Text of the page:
Dunsland is a historic manor and former house in the parish of Bradford & Cookbury near Holsworthy in Devon, England. It was successively a home of the Arscott, Bickford, Coham and Dickinson families and in fact although the ownership records are incomplete, it is very likely that the estate passed in an unbroken line from the time of the Norman Conquest until 1947. The house was destroyed by fire in 1967, just after extensive restoration by the National Trust.
A manor named Donesland in Devon appears in the Domesday Book, and is believed to refer to Dunsland. Before the Norman Conquest it was held by Wulfric, but in 1086 it was held by Cadio from Baldwin the Sheriff.
The 17th-century Devon historian Tristram Risdon stated that "Dunsland now Dunskind", in the parish of Bradford, was held by Richard Cadiho in 1242 or 1243, and remained held by the Cadiho family for eight generations. Risdon further stated that the last in the male line to live here was Robert Cadiho who left his lands to his daughter Thomazin. She was said to be the wife of John Daubernon, described as "warden of the stannary, and of the fees of the duchy of Cornwall" and who was "chosen one of the knights for the shire" in 1356 or 1357.
Risdon states that the manor then passed to the Batten family and then via Philippa, the daughter and heir of Humphrey Batten, to the Arscot family of which, at the time he was writing, the owner was Arthur Arscot.
In his work The Visitations of the County of Devon of 1895, J. L. Vivian set out a pedigree chart for the Arscotts of Dunsland. It starts with a John de Dunsland, passes through the Cade and Dabarnon families to the Battyn family, of which Humphry Battyn (died 15 November 1522) was the last. Vivian states that Humphry Battyn left his lands to his daughter Philippa and her husband John Arscott (died 1 May 1563) who was a lawyer of the Inner Temple, the son and heir of John Arscott (died 1541) of Arscott by his wife Margerie Floyer.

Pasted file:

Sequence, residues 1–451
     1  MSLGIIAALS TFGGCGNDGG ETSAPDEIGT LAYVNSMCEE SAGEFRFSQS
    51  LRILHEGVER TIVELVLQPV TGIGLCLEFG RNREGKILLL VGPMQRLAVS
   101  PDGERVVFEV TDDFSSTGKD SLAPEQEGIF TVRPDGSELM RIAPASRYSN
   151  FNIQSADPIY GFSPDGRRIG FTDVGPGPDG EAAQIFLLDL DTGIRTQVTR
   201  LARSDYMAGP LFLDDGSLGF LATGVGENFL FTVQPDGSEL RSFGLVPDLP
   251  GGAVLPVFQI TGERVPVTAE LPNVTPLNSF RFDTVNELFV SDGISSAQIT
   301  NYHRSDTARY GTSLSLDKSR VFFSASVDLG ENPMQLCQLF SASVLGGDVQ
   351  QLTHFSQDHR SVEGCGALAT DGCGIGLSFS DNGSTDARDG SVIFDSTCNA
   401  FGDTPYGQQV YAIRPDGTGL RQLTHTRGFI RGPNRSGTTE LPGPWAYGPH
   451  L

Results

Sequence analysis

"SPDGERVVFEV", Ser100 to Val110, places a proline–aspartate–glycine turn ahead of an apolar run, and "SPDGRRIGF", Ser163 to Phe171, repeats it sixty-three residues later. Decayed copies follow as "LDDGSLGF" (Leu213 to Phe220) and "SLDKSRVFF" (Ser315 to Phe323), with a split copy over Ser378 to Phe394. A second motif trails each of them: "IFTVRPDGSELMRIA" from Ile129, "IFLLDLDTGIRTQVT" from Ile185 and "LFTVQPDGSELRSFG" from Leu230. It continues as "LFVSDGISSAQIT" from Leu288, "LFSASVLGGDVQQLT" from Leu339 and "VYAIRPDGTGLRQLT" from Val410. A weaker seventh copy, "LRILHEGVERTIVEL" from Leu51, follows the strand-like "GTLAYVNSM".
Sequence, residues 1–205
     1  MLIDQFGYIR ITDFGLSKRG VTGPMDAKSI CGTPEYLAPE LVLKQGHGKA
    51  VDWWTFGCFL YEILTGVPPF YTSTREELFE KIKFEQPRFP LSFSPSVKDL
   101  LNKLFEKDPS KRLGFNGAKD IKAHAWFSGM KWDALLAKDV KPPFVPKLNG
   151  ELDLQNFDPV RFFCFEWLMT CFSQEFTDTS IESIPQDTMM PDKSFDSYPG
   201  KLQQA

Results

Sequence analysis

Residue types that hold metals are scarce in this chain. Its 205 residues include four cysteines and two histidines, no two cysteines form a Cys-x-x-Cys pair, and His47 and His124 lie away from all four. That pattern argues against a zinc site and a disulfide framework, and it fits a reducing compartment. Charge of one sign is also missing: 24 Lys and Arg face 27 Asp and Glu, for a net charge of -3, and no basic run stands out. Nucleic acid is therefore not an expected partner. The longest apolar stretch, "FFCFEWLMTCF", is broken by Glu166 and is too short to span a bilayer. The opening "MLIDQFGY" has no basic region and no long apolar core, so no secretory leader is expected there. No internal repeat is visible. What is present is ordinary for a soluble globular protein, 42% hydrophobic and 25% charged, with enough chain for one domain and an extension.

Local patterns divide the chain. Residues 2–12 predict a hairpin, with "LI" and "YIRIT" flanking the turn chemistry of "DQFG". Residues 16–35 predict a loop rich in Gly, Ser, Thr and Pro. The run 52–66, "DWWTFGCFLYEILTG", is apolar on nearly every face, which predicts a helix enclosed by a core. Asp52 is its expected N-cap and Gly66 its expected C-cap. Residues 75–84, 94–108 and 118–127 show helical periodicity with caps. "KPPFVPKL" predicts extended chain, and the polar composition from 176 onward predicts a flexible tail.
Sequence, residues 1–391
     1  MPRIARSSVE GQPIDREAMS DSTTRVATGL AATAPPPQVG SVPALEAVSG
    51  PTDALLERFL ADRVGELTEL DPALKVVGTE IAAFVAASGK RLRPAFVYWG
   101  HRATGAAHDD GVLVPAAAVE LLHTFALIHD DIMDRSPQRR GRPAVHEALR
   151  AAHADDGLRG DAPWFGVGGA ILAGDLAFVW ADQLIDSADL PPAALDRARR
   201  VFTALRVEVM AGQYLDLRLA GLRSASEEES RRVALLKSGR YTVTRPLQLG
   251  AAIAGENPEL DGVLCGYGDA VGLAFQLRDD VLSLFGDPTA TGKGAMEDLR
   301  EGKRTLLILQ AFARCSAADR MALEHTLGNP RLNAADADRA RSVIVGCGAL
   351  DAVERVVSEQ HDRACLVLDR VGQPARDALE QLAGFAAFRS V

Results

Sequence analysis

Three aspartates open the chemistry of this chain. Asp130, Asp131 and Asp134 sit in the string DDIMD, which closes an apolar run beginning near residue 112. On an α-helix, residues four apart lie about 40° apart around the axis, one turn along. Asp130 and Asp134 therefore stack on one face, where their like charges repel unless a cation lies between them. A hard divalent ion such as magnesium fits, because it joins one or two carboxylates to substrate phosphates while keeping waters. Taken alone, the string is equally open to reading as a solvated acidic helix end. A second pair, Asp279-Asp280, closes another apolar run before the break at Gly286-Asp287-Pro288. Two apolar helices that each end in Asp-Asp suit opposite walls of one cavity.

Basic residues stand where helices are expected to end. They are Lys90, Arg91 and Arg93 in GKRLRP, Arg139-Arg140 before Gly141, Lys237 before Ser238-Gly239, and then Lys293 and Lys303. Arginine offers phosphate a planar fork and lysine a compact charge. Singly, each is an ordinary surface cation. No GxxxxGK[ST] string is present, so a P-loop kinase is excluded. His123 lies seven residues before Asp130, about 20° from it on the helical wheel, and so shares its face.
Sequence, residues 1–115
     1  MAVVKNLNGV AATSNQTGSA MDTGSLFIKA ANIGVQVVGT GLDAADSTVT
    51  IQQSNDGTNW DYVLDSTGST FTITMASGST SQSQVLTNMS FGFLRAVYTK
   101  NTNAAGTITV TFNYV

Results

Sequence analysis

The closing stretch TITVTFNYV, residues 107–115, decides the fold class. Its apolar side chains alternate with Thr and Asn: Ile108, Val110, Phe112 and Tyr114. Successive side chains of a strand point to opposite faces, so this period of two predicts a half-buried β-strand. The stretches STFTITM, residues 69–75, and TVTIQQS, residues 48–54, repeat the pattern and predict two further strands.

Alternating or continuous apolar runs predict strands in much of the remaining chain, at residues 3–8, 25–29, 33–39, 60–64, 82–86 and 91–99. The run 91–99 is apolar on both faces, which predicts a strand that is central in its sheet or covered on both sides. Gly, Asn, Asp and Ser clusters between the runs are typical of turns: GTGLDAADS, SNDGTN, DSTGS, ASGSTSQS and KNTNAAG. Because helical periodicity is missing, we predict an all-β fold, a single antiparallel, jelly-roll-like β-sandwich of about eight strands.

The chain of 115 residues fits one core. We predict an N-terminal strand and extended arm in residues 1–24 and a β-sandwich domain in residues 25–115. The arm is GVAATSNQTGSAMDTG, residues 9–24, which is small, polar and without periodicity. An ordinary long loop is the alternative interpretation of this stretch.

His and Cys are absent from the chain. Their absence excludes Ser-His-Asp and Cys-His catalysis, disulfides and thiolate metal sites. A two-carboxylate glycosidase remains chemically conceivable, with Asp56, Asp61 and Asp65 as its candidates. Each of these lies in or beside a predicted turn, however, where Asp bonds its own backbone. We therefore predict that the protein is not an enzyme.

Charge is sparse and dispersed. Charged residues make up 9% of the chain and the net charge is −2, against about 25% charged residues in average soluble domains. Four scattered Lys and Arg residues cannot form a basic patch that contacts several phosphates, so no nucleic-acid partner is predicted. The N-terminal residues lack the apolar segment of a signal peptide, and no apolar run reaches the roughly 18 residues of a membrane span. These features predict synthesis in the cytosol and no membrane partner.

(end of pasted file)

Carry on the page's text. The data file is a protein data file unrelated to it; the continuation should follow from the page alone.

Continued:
Vivian's pedigree shows that the estate descended through the Arscott family via Humphrey (died 1580) and John (died 1623) until 1662 when the death of Arthur Arscott without male progeny resulted in it eventually passing to his second daughter Grace, the widow of William Bickford of Bickford Town, Plympton St Mary who had died in 1659. Grace Bickford lived until 1686 and her son and heir was Arscott Bickford (died 1693), who enlarged and embellished the house which then mainly dated from about 1500 with additions made in the mid-16th century and in 1609. It then became one of the finest houses in North Devon, and survived almost unchanged until its destruction in 1967.
Arscott Bickford married three times and was succeeded by William, the eldest son of his third wife, Bridget. William also married three times and was succeeded on his death in 1740 by his son from his second marriage, named Arscott like his grandfather. On Arscott's death in 1771 his brother George was the successor to the estate and on George's death in 1795 it passed to his son, another Arscott. This third Arscott was said to have been a gambler and lost much of the family's money. He died childless in 1817 and the estate passed to his sister, Mary, who was married to Rev William Holland Coham, of Coham, Devon (died 1825).
William Coham's son, William Bickford Coham (died 1843) inherited the estate, as did his grandson in turn, William Holland Bickford Coham (died 1880). The grandson died childless and the estate passed to his sister Augusta who married Major Harvey Dickinson (died 1901) of the British Indian Madras Army. Her son Arscott Harvey Dickinson, said to have been the 29th owner in direct succession, sold the estate in 1947, having been unsuccessful in his struggle to keep the mansion house in good repair.
The house with part of its estate was purchased at auction by a London speculator Mr de Savoury who was interested in the timber in the woodlands. It was then bought by Philip Tilden, an architect who attempted to restore the house, a job that remained incomplete on his death in 1954. His widow sold the property with 92 acres to the National Trust in the same year.
The National Trust spent an enormous sum on restoring the house and let it to tenant guardians. During the night of 17 November 1967 the house was destroyed by fire, with the walls left standing in such a precarious state that the decision was taken to demolish the whole structure and to fill up the basement with the rubble and level the site. Today, the land is still owned by the National Trust and it is maintained as a park with some features of the old estate still visible.